Non-Toxic Pool Toys

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Have you found any pool toys for babies that isn’t toxic?” is one of the most frequent questions I get on this blog.

The reality of the pool and water related toys is very bleak with nearly 95% of the items made out of PVC/vinyl (Why PVC is bad? Read here). And yes, some companies go as far as to say that their pvc is phthalate complaint ( which means they can still have extremely harmful phthalates but in lower doses), or phthalate free, but that does not rid the products of potential lead contamination along with the off-gasing of PVC.

When it comes to pool toys, sometimes we simply don’t have a choice. Sometimes phthalate free PVC is all that we get.  Which is fine as long as you make an educated  decision and know the risks.

So I have compiled a few products that I have found in the sea of toxic items. This time I didn’t get to take personal pictures of Lexi using these items for lack of time and the desire to not take too long before I get this post out.



Unfortunately, I can no longer find the pop up pool we bought made out of fabric, but there are a few non-PVC alternatives out there that work just as well. Basically, anything hard shelled should be good. If it blows up, it’s PVC.

This pool from Step 2 isn’t very big but made out of safe plastics.


This one is a compromise. I couldn’t find any baby floats that had no PVC. This one is made mostly of polyester with only 35% pvc (as far as I remember at this point). This was good enough, compared to all the other floats made solely of PVC.



The best swimming aid to help your baby learn how to swim are these types of devices. They don’t constrict their movement, especially their arm movement like that traditional wing suits below, and don’t help too much with the balance. All they do is help with the floating part, so that the kiddo could learn to balance and swim on their own with some floating help. The back float is here and the swim belt is here.

Luckily they are made of EVA foam which is relatively non-toxic. There are some concerns about an odorless gas, called formamide in EVA, but if you let it off gas for 30 days, it will be completely gone.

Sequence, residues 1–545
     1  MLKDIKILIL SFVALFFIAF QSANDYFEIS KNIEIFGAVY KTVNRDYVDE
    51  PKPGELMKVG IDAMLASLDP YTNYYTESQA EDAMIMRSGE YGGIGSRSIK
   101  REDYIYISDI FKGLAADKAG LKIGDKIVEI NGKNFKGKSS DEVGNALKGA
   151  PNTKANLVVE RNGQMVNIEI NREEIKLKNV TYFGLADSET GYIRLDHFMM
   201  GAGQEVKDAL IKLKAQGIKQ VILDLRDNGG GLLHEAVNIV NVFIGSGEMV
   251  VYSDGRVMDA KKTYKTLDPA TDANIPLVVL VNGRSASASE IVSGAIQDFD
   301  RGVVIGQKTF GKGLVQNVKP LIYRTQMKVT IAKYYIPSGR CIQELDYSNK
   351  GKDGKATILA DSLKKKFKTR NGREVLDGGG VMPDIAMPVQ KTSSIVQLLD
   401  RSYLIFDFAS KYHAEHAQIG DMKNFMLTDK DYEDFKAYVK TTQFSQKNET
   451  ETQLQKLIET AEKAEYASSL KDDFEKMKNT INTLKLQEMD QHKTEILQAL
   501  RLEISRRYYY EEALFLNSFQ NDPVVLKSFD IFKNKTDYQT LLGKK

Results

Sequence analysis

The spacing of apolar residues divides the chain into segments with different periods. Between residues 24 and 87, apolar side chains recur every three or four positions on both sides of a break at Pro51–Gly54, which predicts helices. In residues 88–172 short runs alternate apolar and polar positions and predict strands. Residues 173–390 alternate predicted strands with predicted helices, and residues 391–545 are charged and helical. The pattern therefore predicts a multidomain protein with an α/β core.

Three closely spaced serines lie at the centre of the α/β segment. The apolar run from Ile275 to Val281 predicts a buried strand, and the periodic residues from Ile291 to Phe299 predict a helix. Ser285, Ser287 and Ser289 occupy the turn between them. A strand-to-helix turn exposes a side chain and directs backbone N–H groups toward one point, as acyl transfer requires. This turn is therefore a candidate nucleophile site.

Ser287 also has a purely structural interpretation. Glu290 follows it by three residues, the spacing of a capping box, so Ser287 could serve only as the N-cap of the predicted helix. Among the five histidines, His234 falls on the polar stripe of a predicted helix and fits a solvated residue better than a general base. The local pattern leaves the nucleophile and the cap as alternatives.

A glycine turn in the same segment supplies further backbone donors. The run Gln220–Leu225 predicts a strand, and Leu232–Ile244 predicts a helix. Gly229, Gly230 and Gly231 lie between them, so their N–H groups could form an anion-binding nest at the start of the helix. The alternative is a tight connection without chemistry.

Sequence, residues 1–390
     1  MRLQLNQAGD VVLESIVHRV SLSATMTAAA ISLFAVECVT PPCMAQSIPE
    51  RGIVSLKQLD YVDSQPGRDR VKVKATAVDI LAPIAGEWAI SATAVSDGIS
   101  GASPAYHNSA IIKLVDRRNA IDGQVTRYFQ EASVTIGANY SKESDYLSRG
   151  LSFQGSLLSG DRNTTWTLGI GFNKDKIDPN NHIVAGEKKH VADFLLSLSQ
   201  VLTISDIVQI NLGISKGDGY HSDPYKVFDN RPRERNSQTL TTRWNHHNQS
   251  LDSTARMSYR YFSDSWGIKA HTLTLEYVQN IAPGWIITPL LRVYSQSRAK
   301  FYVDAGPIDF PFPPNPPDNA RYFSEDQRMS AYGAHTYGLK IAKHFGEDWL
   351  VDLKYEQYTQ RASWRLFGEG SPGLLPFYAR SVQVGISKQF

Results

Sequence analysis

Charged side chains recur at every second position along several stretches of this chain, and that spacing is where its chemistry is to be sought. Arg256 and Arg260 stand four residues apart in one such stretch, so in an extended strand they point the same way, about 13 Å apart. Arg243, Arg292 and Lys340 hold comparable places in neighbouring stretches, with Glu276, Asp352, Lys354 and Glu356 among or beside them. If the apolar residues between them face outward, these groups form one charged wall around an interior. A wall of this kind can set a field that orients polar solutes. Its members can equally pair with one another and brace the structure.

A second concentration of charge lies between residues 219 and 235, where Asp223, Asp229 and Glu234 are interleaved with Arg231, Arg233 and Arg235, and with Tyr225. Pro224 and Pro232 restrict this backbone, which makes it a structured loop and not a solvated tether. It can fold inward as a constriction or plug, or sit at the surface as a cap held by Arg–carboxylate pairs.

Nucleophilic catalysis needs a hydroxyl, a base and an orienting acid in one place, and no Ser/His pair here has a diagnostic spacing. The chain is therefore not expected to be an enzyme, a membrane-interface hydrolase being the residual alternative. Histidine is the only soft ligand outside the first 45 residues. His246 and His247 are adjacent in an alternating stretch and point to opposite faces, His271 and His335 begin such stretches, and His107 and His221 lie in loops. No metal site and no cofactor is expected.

Sometimes you just want to let your kid experience water on their own without having to hold them. In those cases these life jackets are perfect for them to be used on a boat, or in the water when learning how to swim.


Another option for a flotation device would be this rubber tube suit. It’s made of nylon and rubber rather than PVC. It works really great and looks adorable.



 Let me know if I forgot anything, I will try to add it.

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  • Reply
    August 14, 2013 at 12:24 PM

    I just wanted to say that the Stearns puddle jumpers are made for children, not for babies. The minimum weight is 30lbs. For an infant (under 30lbs), you’d want something like this: with a head support.

  • Reply
    August 14, 2013 at 5:33 PM

    I’m all for non-toxic pool toys, and these look like good ones, but isn’t the pool itself pretty toxic? I don’t know how I feel about having my toddler bathing in all of that chlorine, plus most pools have vinyl liners. Maybe I’m being too paranoid, though.

    • Reply
      Elena @The Art of Making a Baby
      August 15, 2013 at 12:16 AM

      No it’s true that pools are the greatest when it comes to that. Chlorine sucks. But swimming is important to us living in Florida. It’s a great exercise and helps babies’ development. So it’s worth it. :))))

  • Reply
    August 14, 2013 at 6:04 PM

    However how do you know what’s toxic what’s not and do you trust the manufacturer when they say what the toy is made of?

    • Reply
      Elena @The Art of Making a Baby
      August 15, 2013 at 12:22 AM

      In US, the land of CYA, companies would be foolish to misstate something on their website or in an email when it comes to ingredients and materials. They would get sued. Plus reputation is everything in juvenile manufacturers’ world. One bad word about a company and things go downhill from there.

      • Reply
        August 15, 2013 at 9:25 AM

        I’m sorry Elena but companies have and will continue to lie about their products to benefit their business. They do not care about the human factor, only the $ factor. If you think otherwise than you are sadly mistaken.

        • Reply
          Elena @The Art of Making a Baby
          August 15, 2013 at 2:19 PM

          No, I don’t believe companies one bit. But what I do believe in is the fact that they know better than to give out false information in writing. That’s why some of the bigger brands won’t even send you an email with that info and often ask you to call in instead (clue bus!)

          So I do trust what they tell me in terms of ingredients and when it comes to contamination (like lead, cadmium, etc), I just try to stick with smaller companies that don’t have an in house testing but instead submit to third party testing.

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